A brother of Sam’s once got off a big laugh in school when he was asked in the geography class, the question, “Where is the Yellowstone National Park?”  His answer was, “I think it is Africa,” and we wonder today why the larger students in the class got so much kick out of the error. It is hardly funny at all today, but the “Ha-ha-ing” that followed that answer made the school house ring, and shamed the one who had given the wrong answer. School children are sometimes cruel as they laugh at sensitive souls that are to timid to take their own part.


     We recall another episode at the same place that we regret today.  We were teaching there, in our second school in the year of 1911, and our brother, Thomas M. Gregory, was one of our pupils.  He is only 14 months and three weeks younger than the writer and was in 1911 nearly our size.  We were hearing the Tennessee history lesson and our brother, who knew the lesson almost by memory, was answering practically all the questions and did not give the remainder of the class time to answer.  We remonstrated with him in a kind way at first to desist and let somebody else have a chance to answer.  A second admonition along the same line was a little more urgent and our brother took out.  When it came his time to  answer, the question was, "What kind of guns did the pioneer settlers in Tennessee have or use?"  Sulkily he answered, "They had guns with barrels about 75 feet long."  We knew that he was better informed than to answer thus and that he was making this kind of response to our question in an effort to throw off on his teacher brother.  We felt that this was an affront to the teacher not to be borne, that he was "sassing us."  We were quite quick of motion in those days, and almost before our brother knew what we were doing, we had slammed that history book down on top of his head with a noise that could have been heard a hundred feet or more.  We are sorry today for this, but we did not have enough of a forgiving spirit then to overlook our dear brother's peeve.  And we might add that this one borther was perhaps closer to us in our boyhood than anybody else.  We had one other brother, but he was about 19 years younger than the writer.  So we had a special feeling for this brother, with whom we grew up, who was our bedfellow for 15 years or more, who ate by our side, who drank from the same little tin cup that served us both at the table, who was our charge in a way at school in his first three or four years as a student or even longer.  It is true that we sometimes fought and he was almost as strong as the writer and sometimes got the better of our scraps.  We always had to take the lead in nearly everything and this later proved to be a disadvantage to our brother, and many times, in those distant years did we hear him say, "Cal can do that."  So even at this late day we apologize to our only living brother for tapping him on the head with the text book we were using that day almost 59 years ago.  We forgive him for his threat made to other students to whip the teacher, a thing we never heard of until comparatively recent years.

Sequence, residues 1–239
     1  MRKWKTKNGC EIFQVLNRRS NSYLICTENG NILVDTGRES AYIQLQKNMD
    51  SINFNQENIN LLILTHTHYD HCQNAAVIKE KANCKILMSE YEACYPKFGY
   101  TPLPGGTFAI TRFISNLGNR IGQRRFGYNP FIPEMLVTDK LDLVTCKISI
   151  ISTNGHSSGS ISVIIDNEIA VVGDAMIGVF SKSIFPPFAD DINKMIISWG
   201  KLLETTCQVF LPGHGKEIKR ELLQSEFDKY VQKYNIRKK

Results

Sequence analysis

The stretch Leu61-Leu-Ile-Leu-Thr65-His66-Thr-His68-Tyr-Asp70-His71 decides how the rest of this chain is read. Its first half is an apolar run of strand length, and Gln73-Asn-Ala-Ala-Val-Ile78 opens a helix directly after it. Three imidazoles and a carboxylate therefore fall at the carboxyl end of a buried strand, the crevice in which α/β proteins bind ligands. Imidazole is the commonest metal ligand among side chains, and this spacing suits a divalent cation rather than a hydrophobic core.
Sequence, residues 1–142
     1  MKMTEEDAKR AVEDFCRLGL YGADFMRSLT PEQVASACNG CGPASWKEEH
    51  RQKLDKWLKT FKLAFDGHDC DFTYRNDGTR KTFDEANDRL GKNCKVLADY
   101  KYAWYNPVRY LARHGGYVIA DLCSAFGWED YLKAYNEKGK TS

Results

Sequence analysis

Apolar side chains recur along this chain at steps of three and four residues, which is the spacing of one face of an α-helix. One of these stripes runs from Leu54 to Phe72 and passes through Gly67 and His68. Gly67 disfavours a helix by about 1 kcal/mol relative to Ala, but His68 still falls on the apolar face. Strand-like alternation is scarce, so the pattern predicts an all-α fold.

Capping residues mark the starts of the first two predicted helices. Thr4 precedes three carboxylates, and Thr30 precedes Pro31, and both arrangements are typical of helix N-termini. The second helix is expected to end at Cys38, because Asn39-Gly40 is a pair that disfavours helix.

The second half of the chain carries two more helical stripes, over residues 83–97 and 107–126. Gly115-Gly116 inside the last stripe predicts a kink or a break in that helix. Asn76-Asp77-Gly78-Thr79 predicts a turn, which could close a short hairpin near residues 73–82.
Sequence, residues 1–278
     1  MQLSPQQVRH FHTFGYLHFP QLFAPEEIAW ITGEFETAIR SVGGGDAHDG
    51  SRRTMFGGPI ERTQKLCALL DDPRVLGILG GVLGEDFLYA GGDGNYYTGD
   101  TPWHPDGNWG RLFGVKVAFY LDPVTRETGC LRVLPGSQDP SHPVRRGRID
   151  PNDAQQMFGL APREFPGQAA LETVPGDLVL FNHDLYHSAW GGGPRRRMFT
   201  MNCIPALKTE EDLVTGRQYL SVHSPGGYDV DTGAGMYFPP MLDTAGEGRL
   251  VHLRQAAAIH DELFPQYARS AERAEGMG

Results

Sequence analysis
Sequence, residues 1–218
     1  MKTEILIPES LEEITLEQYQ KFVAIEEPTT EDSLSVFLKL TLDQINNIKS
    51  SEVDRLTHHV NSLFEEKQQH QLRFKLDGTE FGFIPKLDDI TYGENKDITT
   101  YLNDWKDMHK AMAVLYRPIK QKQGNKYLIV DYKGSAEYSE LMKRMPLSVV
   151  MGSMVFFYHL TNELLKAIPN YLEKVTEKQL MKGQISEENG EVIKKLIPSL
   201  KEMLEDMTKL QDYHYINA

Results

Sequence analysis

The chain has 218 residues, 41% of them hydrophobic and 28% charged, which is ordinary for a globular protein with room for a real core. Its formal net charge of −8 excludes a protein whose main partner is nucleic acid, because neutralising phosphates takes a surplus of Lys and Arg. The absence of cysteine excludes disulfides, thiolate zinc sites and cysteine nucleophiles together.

Our brother has had a hard time, having served Kroger as a salesman and manager for many, many years, until he is growing old like the writer.  Soon he will be "laid on the shelf" by his employer and will be forced to give up the work to which he has given the very best of his years.


     Peace and happiness and contentment for him in his old age is our wish for him in the remaining years that may be his, and then a grand reunion with others who went on before in "Bright Mansions Above' about which our dear father, Pappie to us, used to sing.